There is a new Opinium poll in the Observer with topline figures of CON 37%(+3), LAB 31%(+2), LDEM 6%(-1), UKIP 15%(-2), GRN 4%(nc) – changes are from a month ago. The Conservatives have a healthy lead, but not the sort of big honeymoon lead that ICM and YouGov both showed them enjoying.

The Observer’s write up concentrates on the Labour race. Among current Labour voters Jeremy Corbyn is the preferred choice of 54%, Owen Smith of 22%. Labour voters do not, of course, necessarily reflect the preferences of the Labour members and supporters who get a vote, though the previous YouGov polling of Labour party members also suggested a large lead for Corbyn. On who would make the best Prime Minister (among the general public, rather than just Labour supporters!) Theresa May leads Corbyn by 52% to 16%.

441 Responses to “Opinium/Observer – CON 37, LAB 31, LD 6, UKIP 15”

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    I think that you can analyse who voted what and why they voted what, until you are blue in the face. The bottom line is that far more people thought that the Tories would make a reasonable fist of things, than thought Labour could be trusted. I think UKIP are a mixed blessing for both sides. They steal votes that should be Tory, but they also attracted votes from the white working class, who have finally realised what Labour is about. The other major issue is leaders. A serious looking candidate for PM does matter. Strange facial expressions or the appearance of a homeless person, may be fine for the hard left, but not the population at large.


    Don’t worry, that option is a non starter. You seem to continue to think that all who disagree with your view of the EU are idiots or need a psychiatrist. Neither is true, they just have a totally different viewpoint from your own. Why don’t you just accept that.

  3. It would appear Stronger In Campaign Team were not very competent. Vote Leave used fake accounts to sign on to their media mailing lists and could prepare rebuttals before the stories appeared in the press. Stronger In thought they had a mole in their midst.

  4. @Andrew111

    “The current rule book is irrelevant because it will be torn up in the interests of fairness.”

    Torn up? Perhaps to be replaced with a single sentence: “Jeremy knows best”? As for “in the interests of fairness”, I think fairness would be the last thing on the minds of those doing any re-writing.

    As I noted, rule changes will need to be agreed by Conference. It is far from clear that a wholesale re-writing of the rulebook would go through.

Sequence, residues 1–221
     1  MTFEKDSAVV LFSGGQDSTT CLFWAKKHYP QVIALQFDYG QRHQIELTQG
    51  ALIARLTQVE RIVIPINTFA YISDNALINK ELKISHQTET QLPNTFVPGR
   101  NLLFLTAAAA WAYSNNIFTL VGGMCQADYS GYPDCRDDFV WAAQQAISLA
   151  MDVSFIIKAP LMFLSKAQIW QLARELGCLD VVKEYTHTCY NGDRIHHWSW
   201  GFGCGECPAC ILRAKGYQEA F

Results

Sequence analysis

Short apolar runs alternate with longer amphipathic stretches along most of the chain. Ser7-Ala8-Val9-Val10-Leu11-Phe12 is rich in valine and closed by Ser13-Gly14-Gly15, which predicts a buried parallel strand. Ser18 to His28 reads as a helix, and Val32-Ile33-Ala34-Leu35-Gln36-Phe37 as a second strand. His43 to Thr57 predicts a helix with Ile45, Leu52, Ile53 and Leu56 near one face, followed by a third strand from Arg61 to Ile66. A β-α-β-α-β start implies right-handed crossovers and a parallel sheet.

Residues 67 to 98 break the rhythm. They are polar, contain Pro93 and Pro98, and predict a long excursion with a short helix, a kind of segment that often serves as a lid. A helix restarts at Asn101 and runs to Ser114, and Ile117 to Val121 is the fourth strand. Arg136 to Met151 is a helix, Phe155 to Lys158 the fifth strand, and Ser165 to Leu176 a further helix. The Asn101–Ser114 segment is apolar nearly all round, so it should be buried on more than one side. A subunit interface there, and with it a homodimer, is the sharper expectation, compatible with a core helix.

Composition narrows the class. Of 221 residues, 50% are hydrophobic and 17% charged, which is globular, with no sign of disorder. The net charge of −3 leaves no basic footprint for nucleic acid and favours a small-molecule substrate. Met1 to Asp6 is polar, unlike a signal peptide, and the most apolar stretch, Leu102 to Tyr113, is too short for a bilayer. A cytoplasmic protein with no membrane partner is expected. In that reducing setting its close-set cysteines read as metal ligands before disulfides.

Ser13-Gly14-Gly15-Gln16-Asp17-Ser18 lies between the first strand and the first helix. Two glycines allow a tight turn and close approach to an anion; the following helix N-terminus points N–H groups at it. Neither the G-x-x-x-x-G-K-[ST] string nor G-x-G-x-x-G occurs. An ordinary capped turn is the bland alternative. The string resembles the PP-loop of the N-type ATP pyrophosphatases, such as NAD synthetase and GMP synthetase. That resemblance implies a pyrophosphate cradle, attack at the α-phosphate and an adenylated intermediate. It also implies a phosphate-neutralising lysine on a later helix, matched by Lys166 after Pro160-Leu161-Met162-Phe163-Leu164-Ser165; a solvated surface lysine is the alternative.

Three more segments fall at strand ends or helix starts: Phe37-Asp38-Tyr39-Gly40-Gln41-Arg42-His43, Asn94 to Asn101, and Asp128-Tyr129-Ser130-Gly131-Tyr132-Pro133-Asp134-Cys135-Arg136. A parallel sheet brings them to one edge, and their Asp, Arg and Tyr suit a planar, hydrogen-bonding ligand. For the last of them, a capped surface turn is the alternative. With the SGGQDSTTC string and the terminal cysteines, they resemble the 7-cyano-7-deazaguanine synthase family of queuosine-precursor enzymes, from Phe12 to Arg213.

Just to re-state. Every CLP already has a process for triggering a full reselection procedure, into which every member has the opportunity to contribute. What is there that needs re-writing? [Apart from the ridiculous buy-a-vote scheme.]

  5. On a side note, has anyone followed the recent polls in America?
    CNN, Rasmussen, Gravis and CBS all giving Donald Trump leads of between 1 and 5 points over Hillary.

    The recent email scandals showing how the Democratic party officials were trying to undermine Sanders and his campaign from the beginning doesn’t bode well for the democratic unity. Already Sanders supporters are planning protest in the convention and I can’t see lot of them flocking to the Hillary camp.

  6. @Mactavish

    This is entirely to be expected. US conventions normally give a ‘bounce’ of between 5 and 10% of the vote to the relevant party – I believe the average is around 7.5%. However this often fades pretty quickly.

    McCain and Romney were both ‘winning’ after their Republican conventions, but nevertheless fell behind gain in due course and eventually lost by some margin.

    The key measure is whether the ‘bounce’ is retained past the Democratic convention – i.e. in about three weeks time.
    personally I suspect that it will not be, but after the events of the last eighteen months who knows?!

  7. The overcrowding/insufficient housing debate is interesting. It seems the problem is to a large extent confined to London and the southeast, where increased demand for housing units arises both from social changes (people living longer; couples splitting up into separate housing) and the internal and external migration caused by the concentration of economic growth and employment growth in that area.

    It’s clearly a supply-and-demand issue. So what can be done to increase supply and reduce demand?